Ein was drawn to Overwatch, as an anchor investment in esports, because he believes the city-based model (cities playing other cities, as opposed to non-local teams playing teams) is the best onramp to esports. “[I]t’s a model that traditional sports fans, not just esports fans, understand. So I can tell people who really are new to esports, do you want to watch Washington kick Paris’ butt tonight? And cheer for them loudly. People get that.” 

I asked Assistant GM of the Justice, Aaron Heckman, if he felt that, moving forward, whether or not OWL will be accessible to people who don’t play it at all. Especially considering exactly how to bring in more passive fans in the future. “That’s a really accurate observation and we as an organization, OWL, and Blizzard, in general, need to do a better job of educating people. There is a barrier to entry that we need to get over.” 

But in Heckman’s personal experience, he did not feel that barrier was much higher than traditional sports. He pointed out that he was never a pro player himself, not even close, but that’s the same for football or basketball fans. Most people going to watch traditional athletic sports aren’t players themselves (anymore at least), but that doesn’t prevent them from watching and enjoying the sport.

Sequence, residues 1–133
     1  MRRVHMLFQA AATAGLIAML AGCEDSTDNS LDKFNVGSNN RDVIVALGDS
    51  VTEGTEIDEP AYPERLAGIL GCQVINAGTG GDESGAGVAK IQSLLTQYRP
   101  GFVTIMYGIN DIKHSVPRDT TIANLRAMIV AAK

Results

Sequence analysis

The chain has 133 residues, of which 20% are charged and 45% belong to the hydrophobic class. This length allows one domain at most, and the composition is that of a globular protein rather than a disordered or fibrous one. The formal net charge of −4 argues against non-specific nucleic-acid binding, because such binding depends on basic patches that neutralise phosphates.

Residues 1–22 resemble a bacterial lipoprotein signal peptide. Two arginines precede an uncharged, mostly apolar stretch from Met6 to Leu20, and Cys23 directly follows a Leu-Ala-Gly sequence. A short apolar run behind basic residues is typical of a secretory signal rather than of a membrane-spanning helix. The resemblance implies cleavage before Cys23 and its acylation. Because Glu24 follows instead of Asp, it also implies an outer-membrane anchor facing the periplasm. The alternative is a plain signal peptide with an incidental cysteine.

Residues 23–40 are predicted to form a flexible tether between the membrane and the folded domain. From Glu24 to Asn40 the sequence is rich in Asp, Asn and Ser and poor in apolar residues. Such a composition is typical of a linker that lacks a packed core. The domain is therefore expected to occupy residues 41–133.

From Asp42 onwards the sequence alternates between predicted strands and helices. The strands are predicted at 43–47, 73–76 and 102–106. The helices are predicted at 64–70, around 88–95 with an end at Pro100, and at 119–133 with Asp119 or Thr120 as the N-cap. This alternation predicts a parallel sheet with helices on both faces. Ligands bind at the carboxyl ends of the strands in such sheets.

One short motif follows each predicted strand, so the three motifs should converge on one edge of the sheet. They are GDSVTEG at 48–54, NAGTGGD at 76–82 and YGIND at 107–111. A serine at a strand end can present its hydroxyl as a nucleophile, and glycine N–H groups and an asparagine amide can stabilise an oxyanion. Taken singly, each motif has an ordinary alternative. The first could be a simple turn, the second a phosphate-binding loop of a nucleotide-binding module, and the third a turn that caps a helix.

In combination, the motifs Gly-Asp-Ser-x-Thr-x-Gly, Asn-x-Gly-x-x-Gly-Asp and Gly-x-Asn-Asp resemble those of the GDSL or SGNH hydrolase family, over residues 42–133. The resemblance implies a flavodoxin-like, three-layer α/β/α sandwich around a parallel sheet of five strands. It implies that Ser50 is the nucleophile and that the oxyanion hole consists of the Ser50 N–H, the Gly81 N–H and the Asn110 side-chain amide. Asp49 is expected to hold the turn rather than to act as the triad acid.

His advice, then, to new fans? 

“When I sit people down. The first thing you do is watch the kill feed. They’re going to be jumping perspectives. They’re going to be jumping people, 1st person, 3rd person…but the kill feed will always be there. [I]f your team’s color is on the left, you’re winning. And if your team’s color is on the right, you’re losing.That’s how I explain it to my parents.”

Every once in a while, something big would happen, an all out melee between the teams, an explosion, a magical blizzard, or giant red dragon appearing out of nowhere. All these got the crowd excited, and I knew my home team was advancing their objectives. 

After a while of gameplay – matches can last anywhere from 45 minutes to over two hours (they set a record for the longest match on Saturday) – my eyes started focusing on other in-game metrics: the timer, the map number, and even, occasionally, the objectives of various maps. I felt that I was beginning to understand a little of what was going on. 

After the intermission, London came back renewed and took two unanswered rounds from the Justice. The match came down to the wire with everyone on the edge of their seats, including me. I found the team’s vice president, Grant Paranjape, dancing around on the upper balcony, exasperated. 

Something happened on the screen, there was a lot of noise and the gameplay reached a fever pitch, then it all ended. In big bold letters, all the screens showed “London Wins!” and that was it. Game over, man. 

Despite the two losses in their inaugural homestand, the weekend was an overall success for the start of esports in the District. Minseok ‘AimGod’ Kwon, a player for the Justice said afterwards, “It was a really amazing experience. The cheering for us was really loud and really good energy for us.” 

On the edge of their seats; Courtesy of the Washington Justice

The Washington Justice play two more homestands at The Anthem, March 7-8 and April 4-5, then two matches at Entertainment And Sports Arena, May 30-31 and June 20-21.